With great power comes great responsibility.
Do you remember that quote in Spiderman that Uncle Ben says to Spiderman?
I don’t know why but it has always stuck with me.
We live in a time where the every day person has tremendous opportunity to wield incredible power and no more is this true than for the blogger. Within any given niche there are those that lead the pack, who post prolifically, who have interesting things to say, who inspire us, who have gained a massive, extremely loyal following.
It is this loyal following that brands bank on and that have made some bloggers quite wealthy.
It is also the reason we need to be thinking really carefully about what it is we want to be putting out into the world, and how we want to influence the following we have.
When people listen to what we have to say, when they like us enough to follow us, en masse, we need to take great care.
No more is this true than today in the world of the troll. A troll is a person who will comment with something negative on a blog, or social media page, that is solely aimed to aggravate and illicit a response from the person who owns the page. They are counter culture to the blog. They are agitators and are usually very good at what they do.
Online trolls are pervasive and prolific. The anonymity that the internet provides means that trolls are increasing. They are cyber bullies whose sole aim is to create mayhem.
We know this. We are aware of this. The best thing to do is to delete the comment, block the troll and get on with your life. They are seeking the spotlight and the best and most effective strategy is not to give it to them.
Yet some bloggers insist on engaging them. Which of course is their choice.
But it is what follows that worries me greatly.
The vitriol espoused by their following is nothing short of shocking. Their behaviour is often a lot worse than the troll, calling them names, attacking their character, attacking who they are, their intelligence, their ethnicity, their appearance, their names, the list goes on. This of course is all in support of the offended blogger, I get that. But it doesn’t make it right.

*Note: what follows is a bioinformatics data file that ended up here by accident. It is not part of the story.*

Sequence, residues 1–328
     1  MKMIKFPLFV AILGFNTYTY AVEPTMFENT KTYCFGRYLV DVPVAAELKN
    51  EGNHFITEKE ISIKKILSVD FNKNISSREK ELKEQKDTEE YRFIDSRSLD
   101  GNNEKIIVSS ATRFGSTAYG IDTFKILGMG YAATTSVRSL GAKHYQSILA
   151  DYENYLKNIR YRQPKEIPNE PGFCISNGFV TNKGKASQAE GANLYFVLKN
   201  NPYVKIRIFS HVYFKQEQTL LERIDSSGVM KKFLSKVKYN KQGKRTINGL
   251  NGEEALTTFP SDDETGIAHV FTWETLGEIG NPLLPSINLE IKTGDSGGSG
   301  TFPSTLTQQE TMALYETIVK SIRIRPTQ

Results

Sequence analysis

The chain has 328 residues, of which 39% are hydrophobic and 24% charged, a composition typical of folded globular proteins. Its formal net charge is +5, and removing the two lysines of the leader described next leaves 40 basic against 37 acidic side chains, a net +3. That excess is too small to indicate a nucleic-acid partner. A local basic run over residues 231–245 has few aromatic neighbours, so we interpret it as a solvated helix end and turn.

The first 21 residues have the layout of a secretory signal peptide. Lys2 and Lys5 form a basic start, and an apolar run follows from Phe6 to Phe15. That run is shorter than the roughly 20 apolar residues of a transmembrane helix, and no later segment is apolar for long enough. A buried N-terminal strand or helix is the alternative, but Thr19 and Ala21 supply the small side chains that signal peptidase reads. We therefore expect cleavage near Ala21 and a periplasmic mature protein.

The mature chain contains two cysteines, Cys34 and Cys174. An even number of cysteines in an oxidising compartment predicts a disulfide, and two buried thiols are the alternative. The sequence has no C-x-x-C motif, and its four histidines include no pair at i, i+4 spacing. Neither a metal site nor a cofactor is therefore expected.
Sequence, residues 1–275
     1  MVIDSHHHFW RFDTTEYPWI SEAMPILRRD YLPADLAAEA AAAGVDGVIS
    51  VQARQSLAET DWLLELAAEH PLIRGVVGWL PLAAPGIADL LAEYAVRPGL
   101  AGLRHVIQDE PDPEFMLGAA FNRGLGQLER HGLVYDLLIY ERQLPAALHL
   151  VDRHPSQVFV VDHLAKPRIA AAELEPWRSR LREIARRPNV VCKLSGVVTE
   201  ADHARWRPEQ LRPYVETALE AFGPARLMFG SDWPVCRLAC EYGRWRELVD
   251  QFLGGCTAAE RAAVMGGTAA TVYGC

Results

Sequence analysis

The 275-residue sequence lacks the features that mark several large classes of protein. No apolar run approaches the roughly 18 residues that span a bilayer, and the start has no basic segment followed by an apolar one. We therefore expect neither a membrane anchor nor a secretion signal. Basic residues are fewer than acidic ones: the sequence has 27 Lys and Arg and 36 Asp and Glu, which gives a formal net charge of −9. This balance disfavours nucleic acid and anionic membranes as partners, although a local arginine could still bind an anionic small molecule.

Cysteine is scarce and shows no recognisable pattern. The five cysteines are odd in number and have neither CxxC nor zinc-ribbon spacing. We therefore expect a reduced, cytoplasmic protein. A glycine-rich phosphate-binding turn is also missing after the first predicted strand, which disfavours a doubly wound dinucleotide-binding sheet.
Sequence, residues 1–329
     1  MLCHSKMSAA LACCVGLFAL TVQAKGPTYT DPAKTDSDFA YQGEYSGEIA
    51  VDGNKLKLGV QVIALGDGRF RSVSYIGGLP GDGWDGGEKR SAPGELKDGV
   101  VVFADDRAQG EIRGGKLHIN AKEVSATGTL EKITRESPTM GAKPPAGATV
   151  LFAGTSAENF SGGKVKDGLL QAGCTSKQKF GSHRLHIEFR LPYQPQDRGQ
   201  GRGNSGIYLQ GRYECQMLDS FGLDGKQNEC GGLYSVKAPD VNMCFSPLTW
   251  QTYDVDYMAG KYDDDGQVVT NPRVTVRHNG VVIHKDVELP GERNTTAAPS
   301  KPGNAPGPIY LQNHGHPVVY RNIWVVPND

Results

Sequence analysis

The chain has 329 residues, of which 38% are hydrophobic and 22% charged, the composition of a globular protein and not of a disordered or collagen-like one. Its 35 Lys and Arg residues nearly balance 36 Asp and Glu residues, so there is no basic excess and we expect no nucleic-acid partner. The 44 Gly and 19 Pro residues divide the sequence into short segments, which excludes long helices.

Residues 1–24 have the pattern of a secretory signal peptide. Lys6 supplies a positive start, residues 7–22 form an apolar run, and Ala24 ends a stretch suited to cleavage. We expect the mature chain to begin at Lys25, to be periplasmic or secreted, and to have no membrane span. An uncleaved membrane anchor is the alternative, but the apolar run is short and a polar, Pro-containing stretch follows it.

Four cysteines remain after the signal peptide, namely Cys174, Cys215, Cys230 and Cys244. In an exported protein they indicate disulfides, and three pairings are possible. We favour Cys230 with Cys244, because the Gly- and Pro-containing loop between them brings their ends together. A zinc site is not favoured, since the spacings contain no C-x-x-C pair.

But they deserve it, I hear you cry.
How does attacking them in the way that they attacked, not you, but a blogger you probably have never met make this situation any better? Answer: It doesn’t. It makes it worse. It gives them the spotlight they crave thereby spurring them on, reaffirms the fact that they are horrible people which is probably what led them to be a troll in the first place, and more importantly it sends even more negativity out into the world that we simply do not need. And, frankly, it doesn’t put you in a very good light at all. Indignant or not, you have a choice to just not say anything.
Yumi Stynes said it beautifully when she was criticised recently for taking her beautiful baby, Mercy, to a red carpet event dressed only in her nappy. Derryn Hench, a man whose sole aim is to antagonise, and agitate, and stir up toxicity, criticised her choice in a brutally cruel way. A couple of other men chose to follow suit. Yumi chose not to respond initially and then a few days later explained why.
If you ever feel outrage at something you see online, I suggest you look twice. You’re usually being played. And watch how far that outrage goes: sometimes the behavior of the outraged is far worse than that which provoked it.
We abhor the trolls. We wish they weren’t there. But they are. Part of the human condition is that there will be people who will say and do horrible things just to get a rise out of us. Their lives are small and this behaviour makes them feel big and important in some twisted way. People like this have existed forever.
But as bloggers, with a following, we have a choice. We have a choice not to give them air to breathe. We have a choice to use our words for good rather than to whip up a frenzy of vitriol. We have a choice to act with dignity and encourage our readers to do the same. We have a choice to choose not to become as bad as the troll themselves. We have a choice to offer the world kindness instead of hate. We always have a choice.
Until next time,